The seasonal employee discovered the trapped mountain lion Jan. 19 along the Middle Fork of the Flathead River just outside of the park boundary, which is defined by the high-water mark on the north side of the river. The park employee was conducting wildlife research and reported the trapped cougar to Montana Fish, Wildlife and Parks officials.
Erik Wenum, an FWP wildlife specialist, responded to the scene near Harrison Creek and darted and released the mountain lion. He also issued a trapping violation to the trapper for exceeding the amount of exposed bait permitted as an attractant. According to the state’s wolf trapping regulations, no trap may be set within 30 feet of an exposed carcass or bait that is visible from above, a measure intended to minimize the number of raptors unintentionally caught in the traps.
FWP Warden Capt. Lee Anderson said the park employee returned to the area with a park ranger the following day and, while attempting to show the ranger where the incident had occurred, accidentally sprung another trap, which caught the bottom of his heel. The employee, who was wearing waders, was not injured.
“He was able to pop his foot out of the trap and it wasn’t a major incident,” Anderson said. “It was in an area right along the boundary of the park where trappers can legally trap.“
Glacier National Park spokeswoman Denise Germann said a National Park Service investigation into the trapping incident is ongoing. She could not comment on the findings of the investigation, but said it will determine whether or not the traps were indeed set outside of park boundaries.
Germann said that while the park recognizes trappers’ legal right to trap along the park boundary, there is a concern for visitor safety.
“Visitor safety is always a concern to us, but we understand and respect that trapping is a legal activity outside of the park boundary,” she said.
Unintentional captures by wolf foothold traps are not unusual, and Anderson said he could think of four instances this wolf trapping season in which mountain lions were caught in the Flathead Valley. It is also not uncommon for bobcats and coyotes to be captured unintentionally in wolf sets, he said.
Recognizing the problem of unintentional captures, FWP adopted an 8-pound trap pan tension requirement this wolf hunting season to minimize non-target captures of smaller carnivores like lynx, which is federally listed under the Endangered Species Act, as well as marten and fisher.
In Montana, wolf trappers are required to report unintentional captures, and the animals are required to be released.
Anderson said wardens typically use a catch-pole or tranquilizer dart to subdue a trapped mountain lion while they assess its overall health and check for foot damage before releasing the animal.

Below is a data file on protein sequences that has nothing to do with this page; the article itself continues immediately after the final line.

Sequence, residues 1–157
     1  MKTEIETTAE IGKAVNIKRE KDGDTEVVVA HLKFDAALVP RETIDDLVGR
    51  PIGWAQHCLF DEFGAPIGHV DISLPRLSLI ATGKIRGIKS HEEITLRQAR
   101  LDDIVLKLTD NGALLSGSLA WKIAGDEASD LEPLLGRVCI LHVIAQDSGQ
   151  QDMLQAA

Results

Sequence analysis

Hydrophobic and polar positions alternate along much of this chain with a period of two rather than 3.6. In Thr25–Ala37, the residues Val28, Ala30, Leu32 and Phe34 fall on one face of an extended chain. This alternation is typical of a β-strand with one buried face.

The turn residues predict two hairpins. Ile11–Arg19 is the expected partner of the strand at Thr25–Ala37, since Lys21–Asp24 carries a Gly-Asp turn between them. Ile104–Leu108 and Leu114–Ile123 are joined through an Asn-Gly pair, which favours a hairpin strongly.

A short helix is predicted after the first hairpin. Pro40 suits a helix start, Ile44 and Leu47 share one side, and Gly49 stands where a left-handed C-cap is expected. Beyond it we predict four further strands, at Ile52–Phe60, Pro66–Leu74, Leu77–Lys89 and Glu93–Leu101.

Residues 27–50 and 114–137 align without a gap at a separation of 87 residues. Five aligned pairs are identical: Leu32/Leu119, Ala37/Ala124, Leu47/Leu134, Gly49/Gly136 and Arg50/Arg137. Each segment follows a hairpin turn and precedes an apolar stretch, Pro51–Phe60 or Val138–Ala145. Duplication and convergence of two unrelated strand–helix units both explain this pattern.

As of Tuesday, hunters had killed 110 wolves in Montana this wolf hunting season while trappers have killed 67, exceeding the number killed last year.
Study providing information on
Missouri Breaks lions
February 07, 2013
By Brett French
It was a cougar conga line, the tracks of six mountain lions in the snow all following the same path until a juniper tree blocked the route. Then the six cats split and went around the tree in separate paths, leaving distinct individual paw prints.
Cougars are normally considered to be solitary, especially adult males. Yet on the northern side of the 1.1-million-acre Charles M. Russell National Wildlife Refuge in northeastern Montana, researchers in December found evidence that an adult female was traveling with three 2 1/2-year old sub-adults that were her offspring as well as her two newest kittens. The biologists were able to collar all three of the sub-adult cougars — two males and a female.
“We think this is two generations of the same mother traveling together,” said Doug Powell, a field biologist for the U.S. Fish and Wildlife Service who is helping with a multi-agency cougar study in the CMR, where lion hunting is not allowed.
“We’ve never seen that before,” he said. “We can’t say if it’s because they aren’t hunted or not.”
The unusual cougar behavior is one discovery during work that's attempting to find out more about how cougars use the Breaks prairie habitat. Specifically, the study is seeking information on lion movements within and possible dispersal between the Missouri River Breaks, Bears Paw and Little Rocky mountains; a description of their habitat use and selection; estimates of mortality rates and causes; and what proportion of cougar home ranges are within the CMR.
Since research began on the refuge in winter 2010-11, wildlife biologists have already discovered that the cougars that have migrated to the broken prairie landscape along the Missouri River have a lot in common with their mountain brethren in some ways, yet they differ in others.